As my inner space continues to expand and deepen, I feel again, blessedly, in contact with that still small voice you know you need never question.

I celebrate and join in the sparkling beauty of the natural world around me. I breathe with the swaying branches of the evergreens. I shrug off my clothes and splash and swim in the lake. I am at one with everything around me. I could stay here all day, but words come flocking and I must go home and write.

8 comments:

Grace Looney said...

There is nothing better than walking in the woods...or on a dirt road with trees crossing overhead...I love to get lost in the sounds of nature... I have a sort of internal chant I repeat in my head over and over until it fades away and I find myself more open to the present moment...it seems the wildlife knows when you've gotten to that internal quiet, and they all come out to look. Your lake sounds blissful.

Robert Moss said...

Grace, you are so right!

Wanda said...

This is such a beautiful meditation. I can see this becoming part of one of your workshops when you are near an accessible woods and water. Set everyone off with this simple walking meditation and ask them to go with the intent of releasing everything that clutters their minds and finding their deeper truth. This could generate a week or weekend of even deeper dreaming and visioning - with all clutter and confusion left behind.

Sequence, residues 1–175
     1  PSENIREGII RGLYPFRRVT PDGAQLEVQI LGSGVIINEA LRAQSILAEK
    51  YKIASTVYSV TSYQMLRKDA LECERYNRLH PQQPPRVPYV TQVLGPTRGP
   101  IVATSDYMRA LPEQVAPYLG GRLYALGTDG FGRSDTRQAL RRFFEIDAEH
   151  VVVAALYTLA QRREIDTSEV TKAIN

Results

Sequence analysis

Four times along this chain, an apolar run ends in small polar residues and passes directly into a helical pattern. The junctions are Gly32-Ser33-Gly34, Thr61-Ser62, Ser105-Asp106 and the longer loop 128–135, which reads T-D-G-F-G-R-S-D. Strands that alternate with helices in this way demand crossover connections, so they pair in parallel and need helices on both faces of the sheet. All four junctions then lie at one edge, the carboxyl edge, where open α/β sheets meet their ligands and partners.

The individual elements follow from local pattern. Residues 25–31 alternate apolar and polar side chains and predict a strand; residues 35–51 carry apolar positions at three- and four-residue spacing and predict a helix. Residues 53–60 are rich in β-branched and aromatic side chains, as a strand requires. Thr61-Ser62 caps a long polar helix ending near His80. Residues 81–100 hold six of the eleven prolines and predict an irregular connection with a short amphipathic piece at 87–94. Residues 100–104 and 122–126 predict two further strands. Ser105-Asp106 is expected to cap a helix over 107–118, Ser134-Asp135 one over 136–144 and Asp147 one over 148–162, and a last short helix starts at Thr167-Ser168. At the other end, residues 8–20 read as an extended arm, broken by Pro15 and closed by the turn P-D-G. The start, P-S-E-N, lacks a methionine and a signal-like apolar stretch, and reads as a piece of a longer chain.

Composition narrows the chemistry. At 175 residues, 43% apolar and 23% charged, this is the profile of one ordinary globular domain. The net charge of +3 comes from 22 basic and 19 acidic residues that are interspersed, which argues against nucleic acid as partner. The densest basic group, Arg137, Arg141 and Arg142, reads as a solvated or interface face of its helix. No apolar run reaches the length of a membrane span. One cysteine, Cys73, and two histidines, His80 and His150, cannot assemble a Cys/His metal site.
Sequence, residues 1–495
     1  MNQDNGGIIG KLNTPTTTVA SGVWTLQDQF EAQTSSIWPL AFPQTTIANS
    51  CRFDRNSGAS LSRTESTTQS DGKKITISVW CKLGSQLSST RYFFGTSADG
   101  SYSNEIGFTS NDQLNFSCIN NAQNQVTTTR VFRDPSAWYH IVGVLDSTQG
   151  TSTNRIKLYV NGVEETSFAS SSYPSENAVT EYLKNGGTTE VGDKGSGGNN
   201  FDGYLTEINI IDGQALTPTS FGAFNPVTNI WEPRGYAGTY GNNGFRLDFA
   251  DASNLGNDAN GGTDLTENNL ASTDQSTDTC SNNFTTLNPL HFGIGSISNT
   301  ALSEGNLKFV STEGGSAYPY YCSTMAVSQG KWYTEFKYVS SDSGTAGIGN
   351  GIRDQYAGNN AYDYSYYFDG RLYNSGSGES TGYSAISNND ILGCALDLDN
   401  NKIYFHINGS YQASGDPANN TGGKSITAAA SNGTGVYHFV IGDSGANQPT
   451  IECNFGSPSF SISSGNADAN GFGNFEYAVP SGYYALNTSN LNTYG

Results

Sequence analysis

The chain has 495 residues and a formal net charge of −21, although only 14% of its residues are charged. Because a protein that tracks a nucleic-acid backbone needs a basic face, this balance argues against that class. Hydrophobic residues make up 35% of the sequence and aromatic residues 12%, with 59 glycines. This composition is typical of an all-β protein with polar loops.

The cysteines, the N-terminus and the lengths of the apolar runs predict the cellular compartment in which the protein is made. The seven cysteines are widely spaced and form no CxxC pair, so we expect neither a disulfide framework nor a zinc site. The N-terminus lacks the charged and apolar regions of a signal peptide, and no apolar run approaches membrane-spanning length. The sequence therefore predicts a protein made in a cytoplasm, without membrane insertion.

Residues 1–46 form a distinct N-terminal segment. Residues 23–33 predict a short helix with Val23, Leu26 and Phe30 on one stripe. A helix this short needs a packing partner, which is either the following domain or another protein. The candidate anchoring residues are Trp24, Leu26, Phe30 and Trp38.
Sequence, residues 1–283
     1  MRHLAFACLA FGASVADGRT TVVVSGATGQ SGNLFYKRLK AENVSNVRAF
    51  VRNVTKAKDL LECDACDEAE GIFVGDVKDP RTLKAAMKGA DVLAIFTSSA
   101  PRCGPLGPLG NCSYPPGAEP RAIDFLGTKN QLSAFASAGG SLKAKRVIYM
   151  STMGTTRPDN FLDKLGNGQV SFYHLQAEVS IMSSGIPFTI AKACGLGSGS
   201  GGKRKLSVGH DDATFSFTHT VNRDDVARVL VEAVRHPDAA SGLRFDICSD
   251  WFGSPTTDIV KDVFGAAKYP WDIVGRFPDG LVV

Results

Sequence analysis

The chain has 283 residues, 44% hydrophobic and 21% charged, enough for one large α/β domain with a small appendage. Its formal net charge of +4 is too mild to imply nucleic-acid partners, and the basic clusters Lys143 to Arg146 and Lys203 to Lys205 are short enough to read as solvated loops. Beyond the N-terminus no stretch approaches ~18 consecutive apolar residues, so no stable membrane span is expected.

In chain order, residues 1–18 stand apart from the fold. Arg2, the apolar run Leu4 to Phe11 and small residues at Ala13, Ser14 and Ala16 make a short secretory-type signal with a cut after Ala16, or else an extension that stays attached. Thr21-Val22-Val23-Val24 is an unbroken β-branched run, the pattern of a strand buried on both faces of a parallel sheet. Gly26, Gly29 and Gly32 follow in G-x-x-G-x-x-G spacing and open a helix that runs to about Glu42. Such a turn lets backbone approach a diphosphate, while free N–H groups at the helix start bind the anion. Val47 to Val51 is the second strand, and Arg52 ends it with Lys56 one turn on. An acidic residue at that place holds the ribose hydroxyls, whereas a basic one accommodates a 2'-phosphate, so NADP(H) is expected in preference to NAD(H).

My visitors at the historic site today were 30 school children. One of the first questions was about a bound fan of feathers. I explained how the fan was used sympbolically to sweep a space clear, to set aside negative thoughts and to find a deeper part of "self" so that those gathered could speak their truth and be heard without the interference of past problems and past judgements. The children found an immediate attachment to that idea and asked their teacher if they could make something like that for the classroom. The teacher thought it was an excellent idea - there are only a few weeks left for this class; but the teacher told me later she might make this a fun assignment for the beginning of the school year and use it as a device for communication when issues between students or between the teacher and students got a bit thorny.

Robert Moss said...

Wanda - That's a grand suggestion for starting any retreat in an appropriate setting. It could extend into what the Iroquois call a Confession on the Road - getting whatever we need to get off our chests in the presence of animate nature.